I wish there were magical words that I could write to make this situation better, but I know from experience that there are no words to do that. What I can do is share with you from one NICU mom to another, some words of encouragement for both mom and family and friends based on my experience.
When you are a parent of a NICU child, your hero or heroes sit before you every day. Much like a police officer saving you from a everyday crime, my child has saved my life. He is saving his own life and he is only a few months old. I have become a very strong woman, an extremely proud and devoted mother, and a person that is grateful for each passing day. I try my best to thank God for my boys because I have now seen miracles happen right before my eyes. I go about my day as all other people do and I have my simple challenges and my crazy moments. I deal, I move on, and I live my life. Not everyone knows I am a NICU Mom, but I know that it makes a difference in the woman I am each day. I think we all live a fairly normal life, but our experience in the NICU plays a huge role in my everyday. All of us have both external and internal battle scars. My husband and I have memories that could most likely be compared to those suffering from post traumatic stress disorder. Sometimes, when a friend mentions anything related to a hospital experience, without invitation I immediately start telling my story and give details about my little tikes stay at the NICU. The memories come flooding and my mouth starts speaking even before I know what I am saying. I think most of my friends have heard my stories, but they just allow me to talk because it is polite and because they love me. We are a family of miracles. Even though I am tougher than I was before the NICU stay, I am still as fragile as the first time they told me that he would be born at 28 weeks and then he told me that 40% of the children born at my son’s due date do not survive and if they do they have complications. I am fragile as the time I was holding my breath when my son’s ventilator was removed for the first time. I am as fragile as the time that they took my son out of his isolette when he weighed less than 5 lbs. Even though I am tough, even though we are warriors, I am forever fragile because I know that life is fragile and I know that every second with my children should be cherished because they were gifts given only to us. All that being said, I am a regular mom.
I live a regular life and I think regular thoughts for most of my days. I have the occasionally slip ups every now and then, but it’s not easy being a mother and knowing my baby is at the hospital. People often ask me how I do it, and I know how I do it. I do it because I would never want to do it any other way. I need these two boys like I need to breathe. I have the guilt of not carrying my child to term. I have the memories of each roller coaster moment from my 36 days in the hospital before he was born, and continuing days in the NICU right now. I have found strength in the eyes of my child, and I have learned to be compassionate for all. The NICU is like the teacher of a class you never wanted to take, history for me. It gives you lessons that you will remember forever. Many of my memories from the hospital stays are horrible but I have a few that are great. I am forever thankful for the nurses and doctors that raised my children for those months when I could not. I will never forget the names or the faces of the nurses and doctors that saved my son’s life and I remember the love you showed me. I have met countless heroes along the way and I think I can honestly say that I am grateful for this crazy journey. One nurse in the NICU said to me “Ya know, one thing I learned about the NICU is that every person’s journey affects them the same way. Whether you are here for one day or nine months, all parents are affected. The fear that you have is the same.”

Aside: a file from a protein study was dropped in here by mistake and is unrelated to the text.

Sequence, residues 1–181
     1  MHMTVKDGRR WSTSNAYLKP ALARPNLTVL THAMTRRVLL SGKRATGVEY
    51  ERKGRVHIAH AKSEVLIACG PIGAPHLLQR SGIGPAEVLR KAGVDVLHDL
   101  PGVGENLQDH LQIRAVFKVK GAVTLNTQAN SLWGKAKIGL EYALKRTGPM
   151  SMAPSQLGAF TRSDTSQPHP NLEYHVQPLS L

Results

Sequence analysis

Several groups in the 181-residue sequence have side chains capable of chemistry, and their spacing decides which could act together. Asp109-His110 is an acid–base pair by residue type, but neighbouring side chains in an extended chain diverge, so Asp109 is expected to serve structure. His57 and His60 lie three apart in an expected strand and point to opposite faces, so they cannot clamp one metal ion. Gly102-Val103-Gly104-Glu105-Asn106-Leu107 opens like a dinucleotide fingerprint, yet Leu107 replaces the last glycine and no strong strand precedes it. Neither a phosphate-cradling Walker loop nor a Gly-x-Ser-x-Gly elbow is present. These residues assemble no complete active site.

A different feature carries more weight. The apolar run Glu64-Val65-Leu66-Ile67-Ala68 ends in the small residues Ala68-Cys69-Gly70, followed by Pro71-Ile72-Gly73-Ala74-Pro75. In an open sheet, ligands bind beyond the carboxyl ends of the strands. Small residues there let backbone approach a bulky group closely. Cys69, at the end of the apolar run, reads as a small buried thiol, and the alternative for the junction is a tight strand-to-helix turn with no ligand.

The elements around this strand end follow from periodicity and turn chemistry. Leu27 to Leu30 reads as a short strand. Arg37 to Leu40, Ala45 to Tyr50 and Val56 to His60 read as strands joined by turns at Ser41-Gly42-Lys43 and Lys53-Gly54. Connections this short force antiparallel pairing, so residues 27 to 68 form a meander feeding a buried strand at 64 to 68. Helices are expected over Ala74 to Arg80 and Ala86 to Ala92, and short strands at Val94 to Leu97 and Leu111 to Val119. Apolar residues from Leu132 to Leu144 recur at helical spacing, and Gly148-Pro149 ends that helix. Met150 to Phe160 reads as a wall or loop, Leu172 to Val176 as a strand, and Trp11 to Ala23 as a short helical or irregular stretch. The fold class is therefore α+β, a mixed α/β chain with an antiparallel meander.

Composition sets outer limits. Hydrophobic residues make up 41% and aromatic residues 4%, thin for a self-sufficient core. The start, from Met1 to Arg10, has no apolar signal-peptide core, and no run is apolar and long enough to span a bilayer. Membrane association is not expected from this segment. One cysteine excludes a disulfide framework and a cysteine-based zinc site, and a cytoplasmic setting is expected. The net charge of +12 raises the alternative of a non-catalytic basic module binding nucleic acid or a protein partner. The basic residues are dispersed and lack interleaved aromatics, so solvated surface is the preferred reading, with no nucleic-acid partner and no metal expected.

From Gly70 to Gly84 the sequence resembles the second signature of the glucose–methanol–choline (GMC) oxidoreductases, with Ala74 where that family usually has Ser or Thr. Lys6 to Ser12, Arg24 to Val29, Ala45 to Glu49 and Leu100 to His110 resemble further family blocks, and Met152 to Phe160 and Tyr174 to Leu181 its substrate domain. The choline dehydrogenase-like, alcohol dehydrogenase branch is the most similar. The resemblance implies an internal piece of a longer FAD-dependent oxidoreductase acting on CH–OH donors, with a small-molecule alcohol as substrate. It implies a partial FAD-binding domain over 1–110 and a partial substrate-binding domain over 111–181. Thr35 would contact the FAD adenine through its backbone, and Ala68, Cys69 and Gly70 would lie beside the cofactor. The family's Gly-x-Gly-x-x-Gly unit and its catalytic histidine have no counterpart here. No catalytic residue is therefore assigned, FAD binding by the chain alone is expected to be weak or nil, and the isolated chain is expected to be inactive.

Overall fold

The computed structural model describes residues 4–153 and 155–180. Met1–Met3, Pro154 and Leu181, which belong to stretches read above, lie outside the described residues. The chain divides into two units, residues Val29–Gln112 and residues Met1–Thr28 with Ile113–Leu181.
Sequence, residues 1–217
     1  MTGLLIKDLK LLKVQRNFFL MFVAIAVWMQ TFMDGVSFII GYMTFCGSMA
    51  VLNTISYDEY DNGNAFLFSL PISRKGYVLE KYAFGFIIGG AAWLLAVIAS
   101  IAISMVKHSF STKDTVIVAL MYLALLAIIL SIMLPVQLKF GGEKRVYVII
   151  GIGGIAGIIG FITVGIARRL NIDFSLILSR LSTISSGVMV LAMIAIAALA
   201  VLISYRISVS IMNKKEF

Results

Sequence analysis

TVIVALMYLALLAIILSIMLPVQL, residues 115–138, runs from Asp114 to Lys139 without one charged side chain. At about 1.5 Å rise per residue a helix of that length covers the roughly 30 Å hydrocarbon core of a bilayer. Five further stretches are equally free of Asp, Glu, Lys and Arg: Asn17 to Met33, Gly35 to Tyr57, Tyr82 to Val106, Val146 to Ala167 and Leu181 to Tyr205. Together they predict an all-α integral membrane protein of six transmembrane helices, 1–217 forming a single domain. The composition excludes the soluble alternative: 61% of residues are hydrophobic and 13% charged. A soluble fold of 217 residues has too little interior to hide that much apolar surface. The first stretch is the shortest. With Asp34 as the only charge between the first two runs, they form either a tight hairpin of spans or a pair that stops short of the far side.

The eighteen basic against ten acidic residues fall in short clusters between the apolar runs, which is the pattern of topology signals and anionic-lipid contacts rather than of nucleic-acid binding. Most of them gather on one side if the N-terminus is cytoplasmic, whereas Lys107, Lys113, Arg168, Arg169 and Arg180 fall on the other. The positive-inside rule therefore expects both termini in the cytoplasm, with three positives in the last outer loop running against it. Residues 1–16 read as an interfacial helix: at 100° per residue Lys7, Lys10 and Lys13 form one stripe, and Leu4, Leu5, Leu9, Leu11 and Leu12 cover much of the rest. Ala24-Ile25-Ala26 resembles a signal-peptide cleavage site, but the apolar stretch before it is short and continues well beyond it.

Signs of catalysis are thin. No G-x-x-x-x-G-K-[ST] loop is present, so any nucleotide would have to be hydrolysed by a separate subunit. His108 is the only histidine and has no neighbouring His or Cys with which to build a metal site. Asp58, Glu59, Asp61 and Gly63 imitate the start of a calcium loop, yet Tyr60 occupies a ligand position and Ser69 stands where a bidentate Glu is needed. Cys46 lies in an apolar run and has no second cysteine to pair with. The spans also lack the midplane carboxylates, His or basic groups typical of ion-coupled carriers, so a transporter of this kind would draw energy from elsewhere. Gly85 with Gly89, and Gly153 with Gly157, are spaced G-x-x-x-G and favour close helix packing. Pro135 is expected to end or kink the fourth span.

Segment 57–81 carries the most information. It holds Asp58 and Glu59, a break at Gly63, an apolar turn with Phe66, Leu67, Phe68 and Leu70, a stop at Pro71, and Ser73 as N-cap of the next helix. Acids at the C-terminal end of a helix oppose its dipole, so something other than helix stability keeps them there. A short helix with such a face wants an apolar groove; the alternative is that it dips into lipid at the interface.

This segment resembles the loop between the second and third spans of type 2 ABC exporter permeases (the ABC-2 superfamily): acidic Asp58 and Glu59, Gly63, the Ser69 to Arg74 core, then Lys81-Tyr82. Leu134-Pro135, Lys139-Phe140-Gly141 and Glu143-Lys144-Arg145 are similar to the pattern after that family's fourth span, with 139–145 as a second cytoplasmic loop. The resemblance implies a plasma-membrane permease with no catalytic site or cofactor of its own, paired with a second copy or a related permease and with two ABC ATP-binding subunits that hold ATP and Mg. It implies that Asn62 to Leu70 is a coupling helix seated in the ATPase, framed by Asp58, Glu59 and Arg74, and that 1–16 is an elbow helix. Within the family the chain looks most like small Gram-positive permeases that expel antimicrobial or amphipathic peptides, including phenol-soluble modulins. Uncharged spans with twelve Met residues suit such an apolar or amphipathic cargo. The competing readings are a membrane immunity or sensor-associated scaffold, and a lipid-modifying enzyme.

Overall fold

Awareness is key, as an outsider you want you celebrate the new life. However We have a hospitalized child fighting to survive. The scene isn’t jubilant yet. We are neither physically or mentally prepared for the usual frozen meals, cute onesies or requests for photos. Please don’t pry. We might not know why the baby was born early but as a parent we do feel shock and guilt about it. Talking about our baby’s health issues and roller coaster of the NICU is too scary and everything is unknown. The same discretion goes for mom’s body and health status. If we share, listen. Until then your curiosity must go unsatisfied. Offer us help however don’t be do proactive. Please understand sitting in the NICU inventing errands or shopping lists to make loved ones feel useful is a burden. Let us focus. My favorite texts were question-free and read, “Thinking of your family. Here to do anything when you want help. No need to reply now.” If we don’t respond, be patient. You might be on standby for a few days—or weeks—but we’ll probably take you up on the offer. Be calm and cautiously optimistic in front of preemie parents. Crying to us on the phone or telling us you’re worried sick makes things worse. Be zen. Our parents kept their cool and it reassured us. Skip asking when the baby will come home. The due date is the target and we’re more impatient than you are. We’ll share when NICU staff give the green light, I promise. Most of all, tell preemie parents you believe in them. Friends and family told us we were good parents doing everything right. Your love is powerful medicine and we need it now more than ever.